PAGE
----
Despite the post-September 11 focus on regional security and the continued emphasis on regional economic cooperation, environmental degradation should not be overlooked as an important issue for US policy in and relationship with the Asia-Pacific. It is an important issue in its own right, presenting the countries of the region with ecological, economic and social (human security) challenges. There are both ethical and instrumental impulses for the United States, as a rich industrialised country and as a disproportionate consumer of resources and polluter of global waste, to provide environmental assistance to the Asia-Pacific. Despite global demands that the 'new' new world (environmental) order should be based on solidarity and collective responsibility, neither US environmental policy towards the region nor the regional consequences of its international environmental policy more generally meet this test. The US is fundamentally self-regarding rather than other-regarding in the various dimensions of its environmental relationship with the region. The consequences for both the region and for the US may be substantial. Continued environmental degradation in the region has the potential to undermine other US policy goals, in terms of its reputation, it economic objectives and even its more orthodox geopolitical security objectives.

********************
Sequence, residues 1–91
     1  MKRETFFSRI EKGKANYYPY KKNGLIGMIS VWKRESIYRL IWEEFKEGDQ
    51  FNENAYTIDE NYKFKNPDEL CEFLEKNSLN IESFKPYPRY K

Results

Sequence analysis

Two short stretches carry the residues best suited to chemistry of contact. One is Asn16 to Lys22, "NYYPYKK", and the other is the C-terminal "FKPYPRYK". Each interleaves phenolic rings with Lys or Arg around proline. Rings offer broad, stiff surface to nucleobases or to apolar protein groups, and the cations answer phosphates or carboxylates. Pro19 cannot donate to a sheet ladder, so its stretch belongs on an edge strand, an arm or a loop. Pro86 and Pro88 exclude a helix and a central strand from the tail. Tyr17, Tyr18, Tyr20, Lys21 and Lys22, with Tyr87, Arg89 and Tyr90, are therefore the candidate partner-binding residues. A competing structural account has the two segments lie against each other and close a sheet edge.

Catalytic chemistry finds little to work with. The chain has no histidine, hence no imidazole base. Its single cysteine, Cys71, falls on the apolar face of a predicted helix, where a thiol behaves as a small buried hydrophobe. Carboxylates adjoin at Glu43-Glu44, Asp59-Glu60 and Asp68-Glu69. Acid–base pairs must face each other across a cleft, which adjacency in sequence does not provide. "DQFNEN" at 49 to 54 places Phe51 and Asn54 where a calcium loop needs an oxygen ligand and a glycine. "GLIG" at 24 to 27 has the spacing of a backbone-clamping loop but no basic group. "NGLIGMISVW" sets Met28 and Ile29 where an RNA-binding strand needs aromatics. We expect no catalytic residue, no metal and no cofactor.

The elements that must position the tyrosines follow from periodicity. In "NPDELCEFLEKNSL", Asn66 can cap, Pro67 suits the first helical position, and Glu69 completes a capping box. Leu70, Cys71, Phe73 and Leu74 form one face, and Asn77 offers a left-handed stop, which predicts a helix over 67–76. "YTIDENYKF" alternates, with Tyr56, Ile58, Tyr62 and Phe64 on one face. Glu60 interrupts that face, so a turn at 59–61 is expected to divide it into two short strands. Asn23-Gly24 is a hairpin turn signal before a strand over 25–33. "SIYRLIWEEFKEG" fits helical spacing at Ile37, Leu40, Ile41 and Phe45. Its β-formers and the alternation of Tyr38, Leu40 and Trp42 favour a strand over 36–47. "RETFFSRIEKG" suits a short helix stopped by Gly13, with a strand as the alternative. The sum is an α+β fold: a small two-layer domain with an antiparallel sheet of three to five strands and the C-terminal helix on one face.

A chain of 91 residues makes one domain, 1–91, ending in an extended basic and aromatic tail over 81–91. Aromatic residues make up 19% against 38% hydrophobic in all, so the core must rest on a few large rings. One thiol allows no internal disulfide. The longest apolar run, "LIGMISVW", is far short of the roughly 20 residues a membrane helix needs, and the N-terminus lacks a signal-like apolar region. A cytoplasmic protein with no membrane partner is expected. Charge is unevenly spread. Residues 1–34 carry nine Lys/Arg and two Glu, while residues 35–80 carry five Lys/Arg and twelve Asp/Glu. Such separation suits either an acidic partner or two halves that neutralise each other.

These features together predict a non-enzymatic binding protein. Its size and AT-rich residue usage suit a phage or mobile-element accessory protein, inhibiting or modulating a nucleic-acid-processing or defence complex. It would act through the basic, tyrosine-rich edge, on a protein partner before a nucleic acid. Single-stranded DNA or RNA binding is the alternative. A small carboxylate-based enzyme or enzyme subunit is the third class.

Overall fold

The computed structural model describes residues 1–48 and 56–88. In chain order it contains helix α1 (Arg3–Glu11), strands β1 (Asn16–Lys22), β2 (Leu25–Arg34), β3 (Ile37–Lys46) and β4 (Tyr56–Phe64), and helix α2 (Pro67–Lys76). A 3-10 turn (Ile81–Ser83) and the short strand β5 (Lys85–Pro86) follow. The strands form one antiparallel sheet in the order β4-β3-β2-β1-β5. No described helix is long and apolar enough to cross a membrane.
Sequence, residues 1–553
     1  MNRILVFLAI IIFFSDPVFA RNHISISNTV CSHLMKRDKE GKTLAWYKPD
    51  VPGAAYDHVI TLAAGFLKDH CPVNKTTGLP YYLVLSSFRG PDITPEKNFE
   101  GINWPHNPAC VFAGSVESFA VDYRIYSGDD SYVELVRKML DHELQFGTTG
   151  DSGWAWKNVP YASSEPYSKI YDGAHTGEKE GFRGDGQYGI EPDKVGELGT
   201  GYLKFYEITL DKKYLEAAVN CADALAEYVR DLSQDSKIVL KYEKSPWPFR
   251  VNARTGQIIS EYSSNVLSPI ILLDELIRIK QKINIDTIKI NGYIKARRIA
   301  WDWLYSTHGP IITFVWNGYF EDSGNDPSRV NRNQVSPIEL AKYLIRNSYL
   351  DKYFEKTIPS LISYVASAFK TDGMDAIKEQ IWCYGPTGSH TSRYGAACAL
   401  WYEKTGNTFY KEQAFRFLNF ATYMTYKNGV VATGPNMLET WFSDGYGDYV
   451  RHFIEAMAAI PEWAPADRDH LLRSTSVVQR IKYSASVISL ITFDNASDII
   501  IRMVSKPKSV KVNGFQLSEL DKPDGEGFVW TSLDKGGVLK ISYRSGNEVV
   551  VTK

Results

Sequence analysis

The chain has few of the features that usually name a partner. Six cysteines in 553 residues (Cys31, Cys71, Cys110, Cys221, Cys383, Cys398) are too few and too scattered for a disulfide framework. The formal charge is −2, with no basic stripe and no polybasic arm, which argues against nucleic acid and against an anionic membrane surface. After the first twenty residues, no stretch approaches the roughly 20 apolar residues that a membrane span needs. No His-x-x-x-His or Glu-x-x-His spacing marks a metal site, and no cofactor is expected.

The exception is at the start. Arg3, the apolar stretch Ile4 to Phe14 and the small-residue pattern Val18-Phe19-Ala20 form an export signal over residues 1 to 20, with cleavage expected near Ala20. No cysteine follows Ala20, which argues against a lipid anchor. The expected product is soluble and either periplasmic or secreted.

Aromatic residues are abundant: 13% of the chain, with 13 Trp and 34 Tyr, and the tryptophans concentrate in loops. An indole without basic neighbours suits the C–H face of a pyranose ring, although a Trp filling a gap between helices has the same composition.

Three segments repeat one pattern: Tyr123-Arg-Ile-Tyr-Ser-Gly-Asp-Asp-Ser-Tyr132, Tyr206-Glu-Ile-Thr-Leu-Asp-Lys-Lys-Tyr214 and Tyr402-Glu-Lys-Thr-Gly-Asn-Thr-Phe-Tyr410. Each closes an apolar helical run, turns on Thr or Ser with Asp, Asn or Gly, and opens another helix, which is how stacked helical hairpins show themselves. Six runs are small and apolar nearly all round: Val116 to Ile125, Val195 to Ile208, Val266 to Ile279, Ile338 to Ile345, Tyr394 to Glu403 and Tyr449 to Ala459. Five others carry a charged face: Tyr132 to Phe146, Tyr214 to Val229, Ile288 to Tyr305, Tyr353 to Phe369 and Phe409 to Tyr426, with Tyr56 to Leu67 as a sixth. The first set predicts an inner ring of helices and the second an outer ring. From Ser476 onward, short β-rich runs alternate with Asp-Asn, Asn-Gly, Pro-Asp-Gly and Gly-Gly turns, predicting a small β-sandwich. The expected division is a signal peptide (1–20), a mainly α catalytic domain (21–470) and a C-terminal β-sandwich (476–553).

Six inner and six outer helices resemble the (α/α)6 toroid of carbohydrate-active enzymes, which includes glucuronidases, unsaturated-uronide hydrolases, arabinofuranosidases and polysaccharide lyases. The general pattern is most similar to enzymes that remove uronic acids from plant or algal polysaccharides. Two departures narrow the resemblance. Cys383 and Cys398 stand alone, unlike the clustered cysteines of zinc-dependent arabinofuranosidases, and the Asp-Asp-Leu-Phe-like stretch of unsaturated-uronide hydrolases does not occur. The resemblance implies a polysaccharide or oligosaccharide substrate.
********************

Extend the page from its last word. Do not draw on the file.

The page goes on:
|Journal||The Pacific Review|
|Publication status||Published - 2004|